Battle For Okinawa: World War II | home
After Okinawa: Target Japan
The Planned Attack Of The Japanese Homelands
"...The sooner the Americans come,
the better...One hundred million...
- Japanese slogan in the summer of 1945
x - Day
Before the conclusion of the war, plans were maturing for the invasion and occupation of the main Japanese islands; Under the main title of Operation Downfall.
Two major operations were projected: the first, with the code name of "Olympic," against southern Kyushu; after consolidation there, the next-"Coronet"-into the Tokyo plain area which is the industrial heart of Japan.
The amphibious parts of these operations-involving the preparation of landing beaches by mine sweeping, underwater demolition teams, bombardment and bombing; the transportation of the assault troops; and the initial landing for the establishment of firmly held beachheads-were to have been the responsibility of Fleet Admiral Nimitz.
The large-scale bombardments and bombings of the Third Fleet that began on 10 July were actually in preparation for operation "Olympic." In mid-August, as the war ended, the United States Navy had in the Pacific 90 per cent of its combatant vessels of submarine size or larger and 42 per cent of its combatant aircraft. These ships, aircraft, support auxiliaries and landing craft include:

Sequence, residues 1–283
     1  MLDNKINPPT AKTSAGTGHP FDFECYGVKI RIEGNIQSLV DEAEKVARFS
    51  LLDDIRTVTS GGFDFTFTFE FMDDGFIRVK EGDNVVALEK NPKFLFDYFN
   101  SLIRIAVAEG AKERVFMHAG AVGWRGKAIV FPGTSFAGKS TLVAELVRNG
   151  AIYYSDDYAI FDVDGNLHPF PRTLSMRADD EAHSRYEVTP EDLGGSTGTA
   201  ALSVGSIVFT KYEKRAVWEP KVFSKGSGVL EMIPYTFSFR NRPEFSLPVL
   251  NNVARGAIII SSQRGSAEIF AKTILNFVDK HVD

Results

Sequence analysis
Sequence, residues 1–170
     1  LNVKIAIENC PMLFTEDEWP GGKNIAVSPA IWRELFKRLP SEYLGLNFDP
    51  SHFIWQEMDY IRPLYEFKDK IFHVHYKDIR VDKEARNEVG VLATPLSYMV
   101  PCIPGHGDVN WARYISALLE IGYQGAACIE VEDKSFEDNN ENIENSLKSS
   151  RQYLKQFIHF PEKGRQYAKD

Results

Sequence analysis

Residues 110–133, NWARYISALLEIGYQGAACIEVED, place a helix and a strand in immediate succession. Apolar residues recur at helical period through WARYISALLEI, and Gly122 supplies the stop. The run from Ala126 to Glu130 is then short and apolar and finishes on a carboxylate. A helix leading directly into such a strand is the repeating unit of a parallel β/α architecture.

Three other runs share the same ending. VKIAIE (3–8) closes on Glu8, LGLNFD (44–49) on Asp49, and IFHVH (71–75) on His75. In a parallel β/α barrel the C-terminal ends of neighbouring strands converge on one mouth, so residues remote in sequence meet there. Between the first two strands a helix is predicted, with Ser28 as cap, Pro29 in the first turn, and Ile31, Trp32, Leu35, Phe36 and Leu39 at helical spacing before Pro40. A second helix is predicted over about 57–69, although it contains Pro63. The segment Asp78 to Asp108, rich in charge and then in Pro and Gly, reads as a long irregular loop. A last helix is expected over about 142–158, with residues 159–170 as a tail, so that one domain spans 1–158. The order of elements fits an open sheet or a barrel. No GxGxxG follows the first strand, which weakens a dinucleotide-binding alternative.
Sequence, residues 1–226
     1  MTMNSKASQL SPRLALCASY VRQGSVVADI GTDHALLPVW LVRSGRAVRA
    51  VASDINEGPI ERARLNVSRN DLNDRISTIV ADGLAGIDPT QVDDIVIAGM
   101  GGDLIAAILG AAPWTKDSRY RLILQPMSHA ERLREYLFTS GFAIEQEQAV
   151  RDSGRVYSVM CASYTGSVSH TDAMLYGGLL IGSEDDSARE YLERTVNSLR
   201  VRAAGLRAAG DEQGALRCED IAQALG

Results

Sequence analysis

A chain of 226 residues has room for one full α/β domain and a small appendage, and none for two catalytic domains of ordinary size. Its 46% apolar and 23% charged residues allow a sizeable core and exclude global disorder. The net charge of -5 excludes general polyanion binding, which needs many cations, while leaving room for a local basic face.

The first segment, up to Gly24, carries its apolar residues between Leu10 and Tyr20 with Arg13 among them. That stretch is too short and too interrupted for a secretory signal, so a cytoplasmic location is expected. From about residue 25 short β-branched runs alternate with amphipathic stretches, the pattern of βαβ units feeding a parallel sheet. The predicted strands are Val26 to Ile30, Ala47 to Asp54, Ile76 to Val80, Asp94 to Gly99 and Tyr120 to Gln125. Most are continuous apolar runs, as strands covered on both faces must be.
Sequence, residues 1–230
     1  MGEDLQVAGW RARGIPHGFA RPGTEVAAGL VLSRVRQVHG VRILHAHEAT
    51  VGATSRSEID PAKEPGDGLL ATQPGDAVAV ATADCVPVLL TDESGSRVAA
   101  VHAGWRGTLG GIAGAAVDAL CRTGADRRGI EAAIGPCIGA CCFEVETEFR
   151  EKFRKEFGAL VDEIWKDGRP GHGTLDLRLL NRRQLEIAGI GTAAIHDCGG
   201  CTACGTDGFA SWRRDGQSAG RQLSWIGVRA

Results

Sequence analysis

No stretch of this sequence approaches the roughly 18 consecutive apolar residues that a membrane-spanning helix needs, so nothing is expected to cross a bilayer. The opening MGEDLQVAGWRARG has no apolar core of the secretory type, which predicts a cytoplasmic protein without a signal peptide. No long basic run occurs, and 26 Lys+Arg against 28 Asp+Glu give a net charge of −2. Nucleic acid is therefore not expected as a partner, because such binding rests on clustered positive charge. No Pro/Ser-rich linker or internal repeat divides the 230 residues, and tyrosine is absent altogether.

Aircraft carriers 26
Escort carriers 64
Escort vessels 298
Mine craft 160
Auxiliary vessels 1,060
Large landing craft 2,783
Combat aircraft 14,847
Transport, training and utility aircraft 1,286
Six Marine Divisions, 100% per cent of the Marine Corps combat strength, were also available for Pacific operations.
The "Olympic" and "Coronet" operations as planned would have been the largest amphibious operations in history. While the third Fleet provided strategic cover and support for the amphibious forces making the invasion, the Fifth Fleet was to have executed the amphibious phases of the invasions of Kyushu and Honshu by transporting their troops and equipment to the attack position on shore.
By the application of naval force they would have established the necessary ground troops in positions favorable for further maneuvers to complete the destruction of Japanese ground forces.
In discharging its responsibities for the amphibious phase of the Kyushu or "Olympic" operation the United States Navy would have employed 3,033 combatant and noncombatant vessels of a size larger than personnel landing boats. The entire operation was flawed from a strategic standpoint and the story is facinating.